“Freelancing is undoubtedly a different world to employment. You have to find your own motivation both to win new work and get that work completed to deadlines and to a high standard, not to mention the invoice creation and chasing!

You have to wear a multitude of different hats as a freelancer, and one that is perhaps the most difficult is ‘Marketer’. Unless marketing is your day job, it’s likely you’ve not had experience in marketing yourself.

It’s not a skill required for the average employee, save for perhaps the initial covering letter and CV when applying for the role in the first instance. Whereas marketing yourself really is a crucial task daily for freelancers.

You will always be on the lookout for the next contract, so networking meetings, platforms like LinkedIn and freelancing sites will become lifelines for you.

A few tips when marketing yourself:

1. Never say no to an opportunity to network. Yes, there will be days you don’t feel like it and the idea of walking into a room where you don’t know anyone and making small talk is unappealing but do it! You never know who you might meet.

2. Networking isn’t just a one way street. Where you can, make connections for others, facilitate introductions and the good karma will surely make its way back to you.

3. Make sure you reach out every now and then to old clients and contacts on LinkedIn or via email. It’s good to stay in touch and you may just jog their memory about an upcoming project and land yourself some more work.

4. Freelancing platforms provide a great tool to reach a whole new global audience. But you get out what you put in. Make sure you’re using them properly, not just signing up. Contact possible clients, get your bid in early, follow up and respond quickly.

5. It’s all about showcasing what you can do. Make sure you include a portfolio, recent client testimonials and a great, but succinct, summary of your expertise on your profiles – whether that’s PeoplePerHour or LinkedIn.”

4. Accountability is crucial:

Ben Matthews, Director at Montfort, says:

“I think that being accountable means being honest and communicative in your dealings with a client.

Long-term trust beats any short-term wins you may get from manipulating the truth or being less than 100% accountable for your work. Communicating often with your client can help keep you both accountable.

Being consistent and avoiding surprises goes hand in hand with being open and honest.

If you say you are going to deliver work at a certain time, stick to it. If you’ve outlined how much a project will cost, stick to it. Don’t add hidden fees or extra costs at a later date.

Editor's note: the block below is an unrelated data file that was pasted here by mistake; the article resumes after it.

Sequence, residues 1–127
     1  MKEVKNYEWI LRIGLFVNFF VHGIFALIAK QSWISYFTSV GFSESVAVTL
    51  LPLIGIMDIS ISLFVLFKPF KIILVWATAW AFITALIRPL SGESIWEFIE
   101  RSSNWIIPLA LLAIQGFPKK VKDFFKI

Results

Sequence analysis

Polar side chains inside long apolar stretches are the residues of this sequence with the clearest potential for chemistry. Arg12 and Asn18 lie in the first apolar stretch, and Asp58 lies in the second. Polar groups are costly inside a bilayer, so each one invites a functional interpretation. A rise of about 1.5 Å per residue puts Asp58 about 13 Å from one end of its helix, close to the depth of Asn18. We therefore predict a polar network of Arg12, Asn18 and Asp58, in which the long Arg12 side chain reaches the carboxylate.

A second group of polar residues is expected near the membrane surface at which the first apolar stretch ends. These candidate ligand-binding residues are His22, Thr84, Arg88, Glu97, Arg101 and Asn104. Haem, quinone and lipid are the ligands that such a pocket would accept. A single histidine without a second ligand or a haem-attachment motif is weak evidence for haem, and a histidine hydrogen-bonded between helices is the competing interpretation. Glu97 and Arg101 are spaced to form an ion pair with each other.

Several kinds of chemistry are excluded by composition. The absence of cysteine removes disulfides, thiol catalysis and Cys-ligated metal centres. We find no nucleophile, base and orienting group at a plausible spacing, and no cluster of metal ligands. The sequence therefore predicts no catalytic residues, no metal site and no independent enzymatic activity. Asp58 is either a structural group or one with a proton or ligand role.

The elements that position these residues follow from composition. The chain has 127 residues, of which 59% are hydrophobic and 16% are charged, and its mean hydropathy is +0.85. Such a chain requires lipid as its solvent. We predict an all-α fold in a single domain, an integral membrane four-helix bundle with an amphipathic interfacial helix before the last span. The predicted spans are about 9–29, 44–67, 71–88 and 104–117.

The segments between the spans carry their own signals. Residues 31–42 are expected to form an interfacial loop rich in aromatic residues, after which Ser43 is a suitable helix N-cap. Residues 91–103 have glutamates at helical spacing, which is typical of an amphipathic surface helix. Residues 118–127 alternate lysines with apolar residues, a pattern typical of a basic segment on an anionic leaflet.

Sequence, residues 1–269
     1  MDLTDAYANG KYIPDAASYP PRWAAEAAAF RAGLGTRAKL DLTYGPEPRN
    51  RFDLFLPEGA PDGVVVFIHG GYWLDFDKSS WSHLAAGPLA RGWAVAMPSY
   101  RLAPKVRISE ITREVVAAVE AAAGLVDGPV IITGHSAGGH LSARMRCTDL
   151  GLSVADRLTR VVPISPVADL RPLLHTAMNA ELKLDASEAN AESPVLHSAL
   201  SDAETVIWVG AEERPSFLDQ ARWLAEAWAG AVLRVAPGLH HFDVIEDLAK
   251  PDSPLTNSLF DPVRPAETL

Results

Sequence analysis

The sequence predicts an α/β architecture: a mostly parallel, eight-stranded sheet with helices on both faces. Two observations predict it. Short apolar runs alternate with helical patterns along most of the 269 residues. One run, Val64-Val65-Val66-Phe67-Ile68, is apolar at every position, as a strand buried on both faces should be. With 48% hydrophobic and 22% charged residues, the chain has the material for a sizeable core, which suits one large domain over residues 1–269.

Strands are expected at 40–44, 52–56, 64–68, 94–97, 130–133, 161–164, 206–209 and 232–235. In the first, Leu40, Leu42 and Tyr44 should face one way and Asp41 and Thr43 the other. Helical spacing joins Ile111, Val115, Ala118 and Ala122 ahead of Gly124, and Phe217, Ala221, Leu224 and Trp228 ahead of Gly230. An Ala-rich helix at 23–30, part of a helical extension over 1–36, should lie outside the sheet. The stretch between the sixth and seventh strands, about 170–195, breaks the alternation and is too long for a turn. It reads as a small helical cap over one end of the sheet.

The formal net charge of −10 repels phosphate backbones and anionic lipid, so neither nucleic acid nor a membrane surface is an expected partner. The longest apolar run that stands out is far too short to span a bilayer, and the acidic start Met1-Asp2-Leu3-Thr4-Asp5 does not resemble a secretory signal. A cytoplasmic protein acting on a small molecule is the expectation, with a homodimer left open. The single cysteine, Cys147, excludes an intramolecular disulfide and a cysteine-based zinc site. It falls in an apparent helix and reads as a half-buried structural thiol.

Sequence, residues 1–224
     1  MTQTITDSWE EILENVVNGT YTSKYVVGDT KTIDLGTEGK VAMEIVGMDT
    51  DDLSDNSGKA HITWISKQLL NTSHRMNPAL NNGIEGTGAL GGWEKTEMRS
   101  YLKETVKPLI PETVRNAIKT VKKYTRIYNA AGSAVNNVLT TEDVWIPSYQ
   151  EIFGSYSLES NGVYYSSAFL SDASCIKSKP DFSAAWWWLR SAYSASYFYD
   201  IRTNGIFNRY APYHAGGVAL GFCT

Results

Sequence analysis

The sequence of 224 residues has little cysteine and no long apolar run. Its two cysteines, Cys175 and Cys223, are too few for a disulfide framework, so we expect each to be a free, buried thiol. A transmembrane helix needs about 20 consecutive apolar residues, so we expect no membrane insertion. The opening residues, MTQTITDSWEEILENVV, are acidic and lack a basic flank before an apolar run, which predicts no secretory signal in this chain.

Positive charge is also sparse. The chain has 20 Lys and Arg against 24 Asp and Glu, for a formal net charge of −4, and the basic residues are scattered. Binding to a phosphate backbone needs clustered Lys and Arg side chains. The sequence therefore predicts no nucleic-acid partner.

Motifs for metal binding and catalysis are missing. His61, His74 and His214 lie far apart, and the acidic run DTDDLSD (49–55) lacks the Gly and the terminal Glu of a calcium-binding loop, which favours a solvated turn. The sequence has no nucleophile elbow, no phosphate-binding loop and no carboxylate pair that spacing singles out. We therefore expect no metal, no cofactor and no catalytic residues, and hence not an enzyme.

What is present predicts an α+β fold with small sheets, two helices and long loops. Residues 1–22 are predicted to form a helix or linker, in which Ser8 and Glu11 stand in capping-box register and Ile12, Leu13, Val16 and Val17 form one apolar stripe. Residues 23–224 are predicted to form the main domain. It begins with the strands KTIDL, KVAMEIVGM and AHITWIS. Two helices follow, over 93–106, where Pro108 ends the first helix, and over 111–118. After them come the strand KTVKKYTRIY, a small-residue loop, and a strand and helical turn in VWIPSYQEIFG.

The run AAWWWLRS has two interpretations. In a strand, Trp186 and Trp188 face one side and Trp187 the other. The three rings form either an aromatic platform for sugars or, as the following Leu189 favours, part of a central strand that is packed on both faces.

You are accountable for making sure the client has all the information they need and is aware of what is going on at any time. If something has come up that may affect the project they’re working on, communicate well and keep clients in the loop.

No one likes surprises, whether in time or money, so sticking to the basics and delivering what you said you would, when you would, at the price you said you would is highly valued.”

5. Don’t neglect financial management

Darren Langley, Founder & Creative Director of Darren Langley Web Design, says

“As a freelancer it is easy to forget that you’re running a business and not just getting paid for what you do. As such it’s vital, as with any business, that plans are made and processes put in place.

The planning side should include strategic forecasts of what you expect from your business (how much it will make, where the costs are, how much work can be sourced and completed) and a vision of how the plans will be achieved.

Regarding the processes, this includes lots of the – let’s face it – boring aspects of running a business such as book keeping and invoicing (including the process for chasing payments).

Unless your business is that of a freelance book-keeper, no one starts there own business with a passion for raising invoices, chasing payments and entering numbers into the book-keeping software.

It is easy to overlook this aspect but, as a business owner, all freelancers need to understand this aspect of running a business or they risk running aground.

On the subject of taxes, it is important to keep an eye on your turnover with relation to VAT registration, and know how close to mandatory registration you might be.

Whilst the mandatory threshold is quite high these days (£82,000 during a 12 month period), it should be in the back of any freelancers mind.

In addition, having a good accountant is vital and for anyone who isn’t financially minded the first step for any freelancer setting up is to meet with as many accountants as they can to find the right person/company for them.”

By Martin Hofschroer